[*]Access to Fresh Water to combat :yuck: from high population.
[*]Riverside Grassland tiles and/or Flood Plains (6 total or more) for farming pre-Civil Service.
[*]Non-riverside Grassland tiles (6 or more) for farming post-Civil Service/Biology.
[*]Coastal to reap the benefits of larger populations in the form of intercontinental trade routes.
[*]Few non-resource water tiles if coastal, since they can’t increase growth.
[/LIST][/INDENT]
The Commerce City

I find commerce cities to be the simplest cities to find, because nearly any city with any amount of +food has the potential to become a commerce city (not necessarily a good one, but a commerce city nonetheless). All you really need is land to cottage. However, don’t let this oversimplification lead you to believe only cities with low +food should be used as commerce cities. One particular strength of a high food commerce city is the ability to rapidly grow to maximum population in order to work all available commerce tiles.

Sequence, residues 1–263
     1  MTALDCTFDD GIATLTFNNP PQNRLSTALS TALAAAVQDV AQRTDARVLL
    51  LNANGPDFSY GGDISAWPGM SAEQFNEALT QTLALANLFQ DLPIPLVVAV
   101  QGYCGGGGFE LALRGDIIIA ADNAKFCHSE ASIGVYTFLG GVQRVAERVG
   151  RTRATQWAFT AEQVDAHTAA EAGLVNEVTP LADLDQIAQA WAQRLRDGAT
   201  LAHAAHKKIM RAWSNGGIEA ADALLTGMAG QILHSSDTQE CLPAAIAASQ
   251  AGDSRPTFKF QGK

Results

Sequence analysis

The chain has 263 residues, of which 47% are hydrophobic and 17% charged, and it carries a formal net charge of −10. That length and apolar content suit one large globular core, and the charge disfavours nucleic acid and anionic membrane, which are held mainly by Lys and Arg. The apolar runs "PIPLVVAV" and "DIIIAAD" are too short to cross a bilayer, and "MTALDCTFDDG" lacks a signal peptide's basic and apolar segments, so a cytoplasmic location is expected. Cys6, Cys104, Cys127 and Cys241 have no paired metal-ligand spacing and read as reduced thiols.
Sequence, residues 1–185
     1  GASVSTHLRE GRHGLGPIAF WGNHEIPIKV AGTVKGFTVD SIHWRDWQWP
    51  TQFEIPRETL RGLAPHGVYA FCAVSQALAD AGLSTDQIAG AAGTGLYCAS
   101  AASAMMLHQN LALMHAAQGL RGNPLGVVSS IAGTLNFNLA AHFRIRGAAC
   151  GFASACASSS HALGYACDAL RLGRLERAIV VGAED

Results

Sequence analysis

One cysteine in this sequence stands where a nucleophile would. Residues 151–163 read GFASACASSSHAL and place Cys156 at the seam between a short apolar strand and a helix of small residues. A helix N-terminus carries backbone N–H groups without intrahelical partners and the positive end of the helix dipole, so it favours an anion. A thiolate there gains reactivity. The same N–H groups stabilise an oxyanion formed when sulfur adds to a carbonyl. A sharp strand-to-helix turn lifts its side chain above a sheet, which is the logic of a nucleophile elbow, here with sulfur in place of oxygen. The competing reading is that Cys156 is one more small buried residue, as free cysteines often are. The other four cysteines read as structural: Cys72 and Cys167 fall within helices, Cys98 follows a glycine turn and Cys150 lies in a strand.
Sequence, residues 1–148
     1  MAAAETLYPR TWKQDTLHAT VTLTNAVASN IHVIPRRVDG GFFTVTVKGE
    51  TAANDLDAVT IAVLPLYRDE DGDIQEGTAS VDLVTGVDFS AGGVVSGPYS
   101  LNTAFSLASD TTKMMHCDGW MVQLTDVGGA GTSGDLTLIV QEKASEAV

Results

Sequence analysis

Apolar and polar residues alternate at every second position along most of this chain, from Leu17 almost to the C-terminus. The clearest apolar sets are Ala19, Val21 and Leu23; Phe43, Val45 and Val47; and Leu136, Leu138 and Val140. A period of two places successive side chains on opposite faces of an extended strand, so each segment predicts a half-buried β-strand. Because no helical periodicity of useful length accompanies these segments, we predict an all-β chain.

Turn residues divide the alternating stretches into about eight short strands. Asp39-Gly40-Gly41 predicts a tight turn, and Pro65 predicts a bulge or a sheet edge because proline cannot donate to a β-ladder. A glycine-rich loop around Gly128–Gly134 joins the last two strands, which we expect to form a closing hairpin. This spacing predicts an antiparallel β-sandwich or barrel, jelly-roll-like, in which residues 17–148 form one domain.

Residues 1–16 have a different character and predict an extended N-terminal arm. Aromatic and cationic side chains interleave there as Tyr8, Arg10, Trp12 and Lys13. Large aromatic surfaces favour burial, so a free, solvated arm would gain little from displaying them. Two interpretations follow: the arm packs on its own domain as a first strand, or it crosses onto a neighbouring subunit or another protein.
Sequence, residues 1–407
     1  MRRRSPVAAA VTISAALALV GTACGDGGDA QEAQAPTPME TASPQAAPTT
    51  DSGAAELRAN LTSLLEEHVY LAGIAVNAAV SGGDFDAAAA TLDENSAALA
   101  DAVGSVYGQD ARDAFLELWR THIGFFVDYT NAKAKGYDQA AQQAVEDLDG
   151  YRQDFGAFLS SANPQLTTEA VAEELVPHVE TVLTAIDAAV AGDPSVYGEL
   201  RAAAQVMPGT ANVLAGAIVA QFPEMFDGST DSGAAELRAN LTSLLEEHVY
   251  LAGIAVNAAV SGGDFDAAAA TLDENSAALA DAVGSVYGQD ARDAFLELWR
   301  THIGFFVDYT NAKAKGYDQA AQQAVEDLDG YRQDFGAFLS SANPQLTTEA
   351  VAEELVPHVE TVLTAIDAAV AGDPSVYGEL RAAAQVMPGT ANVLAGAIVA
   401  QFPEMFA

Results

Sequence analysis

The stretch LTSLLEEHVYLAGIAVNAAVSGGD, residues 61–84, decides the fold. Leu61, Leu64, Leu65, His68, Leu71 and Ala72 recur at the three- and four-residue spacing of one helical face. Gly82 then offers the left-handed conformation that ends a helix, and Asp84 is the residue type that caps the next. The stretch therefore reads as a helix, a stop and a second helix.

[INDENT]How much production do I want? For a non-production city, I like to see at least 8-12 hammers per turn in order to build the city’s vital buildings (like Temples, Markets, etc.). Keep in mind that with the Universal Suffrage civic, Towns generate 1:hammers: and buildings can be rush-bought.

How much +food do I want? I like to see at least 1 food resource — ideally generating +4F or more total. (Again, high +food is a bonus.) A ‘soft’ requirement is enough food to support production when necessary.

What kinds of terrain features do I want? The best commerce cities usually have some or all of the following:
[LIST]
[*]Coastal to reap the benefits of intercontinental trade routes.
[*]Few non-resource water tiles if coastal, since they yield little :commerce:.
An exception might be a Financial Civ with the Colossus.
[*]Riverside tiles (at least 6 — especially Grassland) for cottaging.
[*]Grassland tiles (at least 6 — preferably Riverside) for cottaging.